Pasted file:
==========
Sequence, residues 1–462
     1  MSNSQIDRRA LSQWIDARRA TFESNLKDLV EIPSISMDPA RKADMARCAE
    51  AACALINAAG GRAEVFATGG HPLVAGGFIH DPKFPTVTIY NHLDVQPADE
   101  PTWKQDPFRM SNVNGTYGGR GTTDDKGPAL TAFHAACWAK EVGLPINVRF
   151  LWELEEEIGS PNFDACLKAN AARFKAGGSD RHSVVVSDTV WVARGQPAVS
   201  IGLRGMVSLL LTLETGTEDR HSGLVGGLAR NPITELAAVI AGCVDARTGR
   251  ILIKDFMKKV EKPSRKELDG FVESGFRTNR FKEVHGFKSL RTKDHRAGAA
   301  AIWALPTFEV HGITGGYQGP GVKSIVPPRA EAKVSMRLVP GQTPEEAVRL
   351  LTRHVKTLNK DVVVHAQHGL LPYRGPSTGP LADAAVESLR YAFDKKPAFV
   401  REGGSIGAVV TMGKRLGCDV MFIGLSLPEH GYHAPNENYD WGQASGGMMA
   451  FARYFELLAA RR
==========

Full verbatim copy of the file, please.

Sequence, residues 1–462
     1  MSNSQIDRRA LSQWIDARRA TFESNLKDLV EIPSISMDPA RKADMARCAE
    51  AACALINAAG GRAEVFATGG HPLVAGGFIH DPKFPTVTIY NHLDVQPADE
   101  PTWKQDPFRM SNVNGTYGGR GTTDDKGPAL TAFHAACWAK EVGLPINVRF
   151  LWELEEEIGS PNFDACLKAN AARFKAGGSD RHSVVVSDTV WVARGQPAVS
   201  IGLRGMVSLL LTLETGTEDR HSGLVGGLAR NPITELAAVI AGCVDARTGR
   251  ILIKDFMKKV EKPSRKELDG FVESGFRTNR FKEVHGFKSL RTKDHRAGAA
   301  AIWALPTFEV HGITGGYQGP GVKSIVPPRA EAKVSMRLVP GQTPEEAVRL
   351  LTRHVKTLNK DVVVHAQHGL LPYRGPSTGP LADAAVESLR YAFDKKPAFV
   401  REGGSIGAVV TMGKRLGCDV MFIGLSLPEH GYHAPNENYD WGQASGGMMA
   451  FARYFELLAA RR